WADA Will Not Appeal Bans On NRL Players

The World Anti-Doping Agency has announced that it will not appeal against the sanctions imposed on Cronulla Sharks players for breaches of the anti-doping rules of the National Rugby League. However, WADA raised concerns about handling of the matter.

cronulla captain Paul Gallen

In a statement, WADA said it had reviewed the cases and decided not to challenge the leniency of sentences imposed on Cronulla captain Paul Gallen and 11 current or former Sharks teammates. WADA added it is however not entirely satisfied with the outcome of this case. In August this year, some Cronulla Sharks players accepted backdated 12-month bans that ruled them out of the sport for a period of three months and mostly during the off-season of NRL. This sanction was imposed after the players admitted that they "unwittingly" used performance-enhancing substances the supplements program of the club in 2011.

The World Anti-Doping Agency remarked the backdating of the sanctions that reduced the practical period of the imposed suspensions were not attributable to any action or lack of action on the part of the players. WADA added that the Australian Sports Anti-Doping Agency (ASADA) had done nothing to expedite the case "for many months" after it completed its investigation in November 2013. WADA also remarked there was a further delay until the ASADA files were reviewed by a government-appointed retired judge.

The statement said there is no explanation for the continued inaction from ASADA following the receipt of the (judge's) report in April, 2014 until steps were formally taken by ASADA in August, 2014. It added it is this last aspect of the sanctioning process that required close review and added that full scrutiny of the file revealed that the number of delays were directly the result of the lack of activity or decision by either ASADA or the Australian government. WADA remarked the Australian Government decided, for reasons it considered appropriate, to appoint a retired judge (Garry Downes) to review the ASADA files. It took some months for Downes to complete his task in early April 2014. It added an appeal by WADA against the light suspensions would not advance the fight against doping in any meaningful way.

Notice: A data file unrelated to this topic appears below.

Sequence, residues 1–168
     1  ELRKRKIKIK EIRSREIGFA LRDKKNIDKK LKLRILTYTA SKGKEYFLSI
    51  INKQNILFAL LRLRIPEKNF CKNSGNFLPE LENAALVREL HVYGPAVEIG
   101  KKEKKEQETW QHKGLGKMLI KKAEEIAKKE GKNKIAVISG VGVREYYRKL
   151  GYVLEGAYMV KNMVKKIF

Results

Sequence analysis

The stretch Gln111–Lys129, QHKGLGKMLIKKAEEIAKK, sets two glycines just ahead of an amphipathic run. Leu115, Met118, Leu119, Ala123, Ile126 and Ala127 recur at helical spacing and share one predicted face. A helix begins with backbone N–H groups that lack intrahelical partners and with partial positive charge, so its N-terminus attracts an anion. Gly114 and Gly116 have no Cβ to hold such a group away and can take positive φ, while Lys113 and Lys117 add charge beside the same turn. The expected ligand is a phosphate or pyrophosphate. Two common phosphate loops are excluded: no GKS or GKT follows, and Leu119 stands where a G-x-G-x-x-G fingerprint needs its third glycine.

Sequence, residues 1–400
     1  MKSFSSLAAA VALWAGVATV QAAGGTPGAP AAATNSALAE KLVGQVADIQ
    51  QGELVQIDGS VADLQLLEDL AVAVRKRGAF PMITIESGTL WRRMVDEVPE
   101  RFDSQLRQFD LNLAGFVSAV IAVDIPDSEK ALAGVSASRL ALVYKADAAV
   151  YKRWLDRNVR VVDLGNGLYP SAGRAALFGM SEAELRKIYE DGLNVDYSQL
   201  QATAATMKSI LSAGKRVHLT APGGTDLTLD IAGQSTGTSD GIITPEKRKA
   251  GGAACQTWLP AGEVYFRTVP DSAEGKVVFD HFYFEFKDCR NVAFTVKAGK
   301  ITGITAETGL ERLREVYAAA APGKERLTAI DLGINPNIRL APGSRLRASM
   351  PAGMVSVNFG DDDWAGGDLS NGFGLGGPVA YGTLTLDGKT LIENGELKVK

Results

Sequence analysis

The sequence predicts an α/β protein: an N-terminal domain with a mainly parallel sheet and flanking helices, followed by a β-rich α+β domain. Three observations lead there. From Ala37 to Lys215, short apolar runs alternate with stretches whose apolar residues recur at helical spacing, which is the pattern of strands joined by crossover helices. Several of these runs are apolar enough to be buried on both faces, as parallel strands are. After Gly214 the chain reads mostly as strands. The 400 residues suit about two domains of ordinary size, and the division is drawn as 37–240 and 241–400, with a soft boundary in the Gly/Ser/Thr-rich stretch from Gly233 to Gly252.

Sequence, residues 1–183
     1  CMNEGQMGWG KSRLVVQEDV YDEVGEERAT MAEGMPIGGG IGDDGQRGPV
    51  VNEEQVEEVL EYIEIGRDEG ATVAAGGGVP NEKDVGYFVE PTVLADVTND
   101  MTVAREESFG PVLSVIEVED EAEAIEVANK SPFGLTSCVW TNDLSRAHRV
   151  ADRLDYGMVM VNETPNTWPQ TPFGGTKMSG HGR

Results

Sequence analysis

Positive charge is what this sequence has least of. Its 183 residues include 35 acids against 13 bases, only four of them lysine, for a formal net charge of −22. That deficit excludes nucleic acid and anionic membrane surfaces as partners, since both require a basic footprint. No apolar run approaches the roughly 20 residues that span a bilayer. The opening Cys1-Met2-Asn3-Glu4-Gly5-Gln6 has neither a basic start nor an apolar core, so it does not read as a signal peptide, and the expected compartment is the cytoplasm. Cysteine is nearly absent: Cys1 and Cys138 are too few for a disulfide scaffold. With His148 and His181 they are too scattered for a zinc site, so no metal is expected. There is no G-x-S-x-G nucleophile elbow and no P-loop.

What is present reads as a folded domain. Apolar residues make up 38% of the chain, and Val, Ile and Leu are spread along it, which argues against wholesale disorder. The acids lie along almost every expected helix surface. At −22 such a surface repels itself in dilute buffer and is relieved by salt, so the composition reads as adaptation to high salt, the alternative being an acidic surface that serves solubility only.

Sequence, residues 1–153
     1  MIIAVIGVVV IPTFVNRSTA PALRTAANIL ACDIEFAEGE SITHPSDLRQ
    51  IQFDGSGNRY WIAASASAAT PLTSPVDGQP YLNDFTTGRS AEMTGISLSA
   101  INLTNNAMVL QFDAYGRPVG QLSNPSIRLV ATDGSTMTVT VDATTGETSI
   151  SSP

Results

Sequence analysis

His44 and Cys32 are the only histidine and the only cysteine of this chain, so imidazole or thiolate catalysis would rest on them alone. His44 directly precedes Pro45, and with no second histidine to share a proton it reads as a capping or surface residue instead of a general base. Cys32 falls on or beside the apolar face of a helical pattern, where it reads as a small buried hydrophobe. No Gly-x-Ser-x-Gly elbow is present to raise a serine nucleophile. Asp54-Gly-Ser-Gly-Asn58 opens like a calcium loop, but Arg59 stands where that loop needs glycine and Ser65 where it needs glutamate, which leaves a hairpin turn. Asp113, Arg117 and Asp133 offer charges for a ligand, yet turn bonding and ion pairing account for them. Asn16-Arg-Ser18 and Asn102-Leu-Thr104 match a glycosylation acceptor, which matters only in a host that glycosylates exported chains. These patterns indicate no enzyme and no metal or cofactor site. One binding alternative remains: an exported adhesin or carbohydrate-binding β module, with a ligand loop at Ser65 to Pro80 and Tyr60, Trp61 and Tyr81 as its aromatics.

Athletes in Olympic sports criticized the light suspensions handed out to NRL players. However, WADA that had the option of taking the issue to the Court of Arbitration for Sport said an appeal would not advance the fight against doping in any meaningful way.

The banned substances were also given to players from Essendon, the Australian Football League club. Players from both Essendon and Cronulla Sharks have denied they were aware of the fact that the supplements were in violation of WADA rules, but some coaches and officials from both teams were suspended by NRL and AFL (Australian Football League).

Lawyer Richard Redman, who represented the vast majority of the Cronulla players, remarked any lingering doubt people may harbor that the delays in this lengthy process are attributable to the players can finally be put to bed.

The suspended players, including Cronulla and NSW captain Paul Gallen, are due to return on November 22.


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